Although Abubakar was reluctant to accept the leadership of Nigeria when Abacha passed away, Abubakar was sworn in on the 9th of June, 1998. At this time, Nigeria needed a leader of Abubakar’s caliber to avoid plunging into civil conflict, as he was a peaceful man who had Nigeria’s best interests at heart. Abubakar and his government created a new Nigerian constitution, which would be implemented once a democratically elected leader was in place. Shortly after he was sworn in, Abubakar promised to hold general elections and step down as leader of Nigeria within one year. Critics of military leadership doubted that he would keep this promise, but he did.
President Olusegun Obasanjo (1999-2007)
Obasanjo had already led Nigeria as a military leader, but his election to the office of President in 1999 marked Nigeria’s return to civilian rule. Obasanjo won 62% of the vote and his election day is now marked as Democracy Day, a public holiday in the country. In his first term in office, Obasanjo spent most of his time travelling abroad to reassure potential investors, especially those in the USA and UK, that the oil industry was stable, and that Nigeria was a fair and democratic country. Obasanjo was granted a second term in office in 2003 by Nigerians, winning 61% of the vote and defeating former military leader Muhammad Buhari.
President Umaru Musa Yar’Adua (2007-2010)
After the controversial elections of 2007, Yar’Adua was declared the winner and assumed the Presidential office of Nigeria. Former President Obasanjo endorsed his candidacy, as his record showed no signs of corruption and/or ethnic favoritism. While in office, Yar’Adua fell ill and was unable to uphold his Presidential duties. This led to him being absent from public life and a dangerous situation was arising in Nigeria. His powers were transferred to Vice President Goodluck Jonathan, who took over as an acting President during this time. Yar’Adua’s legacy while in office was one of democracy, fairness, peace, and prosperity for Nigerians.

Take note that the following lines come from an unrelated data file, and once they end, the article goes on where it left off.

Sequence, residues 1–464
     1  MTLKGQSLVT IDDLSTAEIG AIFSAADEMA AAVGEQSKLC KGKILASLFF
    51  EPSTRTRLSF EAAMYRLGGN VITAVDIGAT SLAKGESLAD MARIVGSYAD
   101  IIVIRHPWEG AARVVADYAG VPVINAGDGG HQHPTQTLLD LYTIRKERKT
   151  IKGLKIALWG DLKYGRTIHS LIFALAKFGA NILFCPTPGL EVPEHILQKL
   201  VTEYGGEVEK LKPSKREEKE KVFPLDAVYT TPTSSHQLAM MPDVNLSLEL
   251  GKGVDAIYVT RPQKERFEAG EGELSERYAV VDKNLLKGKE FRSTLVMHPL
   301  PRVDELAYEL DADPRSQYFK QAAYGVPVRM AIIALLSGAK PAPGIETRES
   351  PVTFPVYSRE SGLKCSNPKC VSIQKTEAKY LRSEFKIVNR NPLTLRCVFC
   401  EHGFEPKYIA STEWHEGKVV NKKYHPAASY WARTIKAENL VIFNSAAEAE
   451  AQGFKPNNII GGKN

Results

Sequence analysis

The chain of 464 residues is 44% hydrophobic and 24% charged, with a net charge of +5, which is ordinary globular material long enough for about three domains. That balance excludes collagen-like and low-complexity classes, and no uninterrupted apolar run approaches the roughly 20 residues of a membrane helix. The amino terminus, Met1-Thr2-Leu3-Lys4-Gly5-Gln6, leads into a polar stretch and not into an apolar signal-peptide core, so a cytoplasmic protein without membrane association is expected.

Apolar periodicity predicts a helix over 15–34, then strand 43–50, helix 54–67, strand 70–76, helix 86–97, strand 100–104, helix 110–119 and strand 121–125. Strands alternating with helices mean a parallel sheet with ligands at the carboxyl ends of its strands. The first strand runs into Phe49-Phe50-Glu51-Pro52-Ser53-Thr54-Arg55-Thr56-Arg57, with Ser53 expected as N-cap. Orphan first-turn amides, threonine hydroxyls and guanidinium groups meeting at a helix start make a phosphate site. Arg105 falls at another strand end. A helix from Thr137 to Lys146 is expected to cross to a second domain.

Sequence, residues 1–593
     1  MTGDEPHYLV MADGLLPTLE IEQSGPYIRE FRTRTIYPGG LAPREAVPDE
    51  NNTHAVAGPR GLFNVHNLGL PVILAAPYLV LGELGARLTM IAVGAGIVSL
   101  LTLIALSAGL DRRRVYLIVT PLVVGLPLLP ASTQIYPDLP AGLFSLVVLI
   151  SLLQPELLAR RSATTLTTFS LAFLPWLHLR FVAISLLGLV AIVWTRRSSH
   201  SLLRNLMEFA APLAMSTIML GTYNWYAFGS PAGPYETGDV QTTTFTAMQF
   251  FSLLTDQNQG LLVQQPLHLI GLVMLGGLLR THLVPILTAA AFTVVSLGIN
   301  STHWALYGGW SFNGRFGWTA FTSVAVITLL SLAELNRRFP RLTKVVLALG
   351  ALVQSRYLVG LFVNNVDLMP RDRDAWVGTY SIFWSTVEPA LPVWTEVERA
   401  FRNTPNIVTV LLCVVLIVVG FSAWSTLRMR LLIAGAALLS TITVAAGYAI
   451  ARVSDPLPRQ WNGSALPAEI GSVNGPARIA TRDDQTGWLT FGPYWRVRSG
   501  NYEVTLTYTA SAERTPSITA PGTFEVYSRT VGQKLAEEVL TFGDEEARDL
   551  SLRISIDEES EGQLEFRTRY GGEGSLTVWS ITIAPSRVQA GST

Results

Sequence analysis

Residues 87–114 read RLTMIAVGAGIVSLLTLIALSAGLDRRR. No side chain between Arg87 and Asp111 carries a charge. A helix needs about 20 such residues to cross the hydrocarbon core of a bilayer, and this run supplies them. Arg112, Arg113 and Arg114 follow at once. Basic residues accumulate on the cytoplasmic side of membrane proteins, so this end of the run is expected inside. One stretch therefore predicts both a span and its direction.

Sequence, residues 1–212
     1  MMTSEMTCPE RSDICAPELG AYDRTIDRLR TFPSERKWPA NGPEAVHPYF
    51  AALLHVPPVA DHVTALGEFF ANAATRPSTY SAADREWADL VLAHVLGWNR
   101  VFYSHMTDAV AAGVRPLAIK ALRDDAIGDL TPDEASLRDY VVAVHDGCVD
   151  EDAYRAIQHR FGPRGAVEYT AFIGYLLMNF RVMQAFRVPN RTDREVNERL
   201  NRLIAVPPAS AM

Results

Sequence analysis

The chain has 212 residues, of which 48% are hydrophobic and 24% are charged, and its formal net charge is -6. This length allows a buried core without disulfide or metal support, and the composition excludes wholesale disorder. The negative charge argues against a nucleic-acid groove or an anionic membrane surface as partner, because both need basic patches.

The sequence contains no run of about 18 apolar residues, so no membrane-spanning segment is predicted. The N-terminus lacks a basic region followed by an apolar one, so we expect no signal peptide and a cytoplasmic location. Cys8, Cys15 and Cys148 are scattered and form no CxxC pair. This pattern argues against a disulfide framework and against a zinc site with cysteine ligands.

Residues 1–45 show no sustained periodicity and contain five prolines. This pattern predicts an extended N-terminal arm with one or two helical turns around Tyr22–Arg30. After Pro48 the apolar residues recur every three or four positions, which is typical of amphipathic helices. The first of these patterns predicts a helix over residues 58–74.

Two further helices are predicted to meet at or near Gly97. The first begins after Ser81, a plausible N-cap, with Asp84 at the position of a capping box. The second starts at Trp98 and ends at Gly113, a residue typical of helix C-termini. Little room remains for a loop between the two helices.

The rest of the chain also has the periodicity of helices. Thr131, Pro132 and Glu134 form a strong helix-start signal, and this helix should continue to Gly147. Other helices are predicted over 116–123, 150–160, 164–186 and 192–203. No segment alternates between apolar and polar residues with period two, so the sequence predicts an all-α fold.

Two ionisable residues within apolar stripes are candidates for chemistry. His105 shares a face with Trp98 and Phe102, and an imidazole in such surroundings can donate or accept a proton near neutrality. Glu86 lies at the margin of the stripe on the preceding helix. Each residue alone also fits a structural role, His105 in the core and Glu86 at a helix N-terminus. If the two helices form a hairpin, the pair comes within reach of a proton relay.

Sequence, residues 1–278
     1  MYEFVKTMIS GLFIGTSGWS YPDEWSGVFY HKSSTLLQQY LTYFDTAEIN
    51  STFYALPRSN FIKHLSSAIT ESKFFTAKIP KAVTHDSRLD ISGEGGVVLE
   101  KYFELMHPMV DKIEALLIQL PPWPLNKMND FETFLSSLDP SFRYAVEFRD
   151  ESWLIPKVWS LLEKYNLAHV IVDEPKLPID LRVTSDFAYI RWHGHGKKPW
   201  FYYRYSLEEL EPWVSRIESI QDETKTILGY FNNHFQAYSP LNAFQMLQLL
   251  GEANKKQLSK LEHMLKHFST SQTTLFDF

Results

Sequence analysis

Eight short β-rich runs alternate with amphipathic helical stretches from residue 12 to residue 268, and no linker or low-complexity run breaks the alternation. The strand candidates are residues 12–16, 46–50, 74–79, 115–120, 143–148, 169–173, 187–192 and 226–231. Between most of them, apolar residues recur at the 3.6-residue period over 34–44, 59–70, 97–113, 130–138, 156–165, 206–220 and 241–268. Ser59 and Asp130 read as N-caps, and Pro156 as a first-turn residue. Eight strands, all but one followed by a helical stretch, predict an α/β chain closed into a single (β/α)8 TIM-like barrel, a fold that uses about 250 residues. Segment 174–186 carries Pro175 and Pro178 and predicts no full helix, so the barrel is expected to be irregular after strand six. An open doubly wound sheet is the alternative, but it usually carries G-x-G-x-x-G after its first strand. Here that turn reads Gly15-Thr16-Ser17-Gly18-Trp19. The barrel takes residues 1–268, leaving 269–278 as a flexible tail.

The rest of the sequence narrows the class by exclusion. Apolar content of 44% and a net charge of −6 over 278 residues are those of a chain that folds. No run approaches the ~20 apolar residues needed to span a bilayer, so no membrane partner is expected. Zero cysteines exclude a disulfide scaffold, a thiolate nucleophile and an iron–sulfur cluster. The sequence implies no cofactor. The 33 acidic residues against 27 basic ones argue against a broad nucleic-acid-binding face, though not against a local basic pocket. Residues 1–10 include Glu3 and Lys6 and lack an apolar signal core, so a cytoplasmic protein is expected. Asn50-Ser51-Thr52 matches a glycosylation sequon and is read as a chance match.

President Goodluck Jonathan (2010-2015)
As Yar’Adua’s Vice President, Jonathan was known for keeping a low profile, although as Vice President he was instrumental in negotiating with Nigerian militants to achieve stability. After becoming President due to the illness and death of Yar’Adua, Jonathan contested the 2011 Nigerian elections, winning the Presidency. Jonathan implemented a major strategy to stabilize the power supply of Nigeria, as blackouts were costing the economy millions, if not billions of dollars. Jonathan was also considered by many to be a staunch opposition of Boko Haram, an Islamic militant group, even though his armed forces were not able to defeat the group that still operates today. Jonathan’s legacy is one of contrast, he improved the lives of many Nigerians but at the same time his government was hopelessly corrupt.
President Muhammadu Buhari (2015-Present)
Having contested in the previous Presidential election, Buhari was finally successful in his 2015 bid to become President. Sworn in on May 29, 2015, Buhari became the second ex-military leader to become a President of Nigeria. After being elected, Buhari was also known as a strong voice against Boko Haram, urging Nigerians to put aside their differences in order to crush the Islamic insurgency. On the 6th of June, 2016, Buhari went to the United Kingdom to seek medical treatment for a persistent ear infection. Only time will tell if his legacy will remain one of human rights abuses during his first term in power or will become one of fighting and defeating Boko Haram which is terrorizing Nigeria.
Who Was the First President of Nigeria?
Azikiwe was the first President of Nigeria after the country became a fully independent republic and Nigeria cut ties with Britain.
Nigerian Presidents And Military Leaders Since Independence
|Order||Nigerian Heads of State||Term in Office|
|1||Prime Minister Abubakar Tafawa Balewa||1960-1963|
|2||President Nnamdi Azikiwe||1963-1966|
|3||Major-General Johnson Aguiyi-Ironsi||1966|
|4||General Yakubu Gowon||1966-1975|
|5||General Murtala Mohammed||1975-1976|
|6||Major-General Olusegun Obasanjo||1976-1979|
|7||President Shehu Shagari||1979-1983|
|8||Major-General Muhammadu Buhari||1983-1985|
|9||General Ibrahim Babangida||1985-1993|
|10||President Ernest Shonekan||1993|
|11||General Sani Abacha||1993-1998|
|12||General Abdulsalami Abubakar||1998-1999|
|13||President Olusegun Obasanjo||1999-2007|
|14||President Umaru Musa Yar’Adua||2007-2010|
|15||President Goodluck Jonathan||2010-2015|
|16||President Muhammadu Buhari||2015-Present|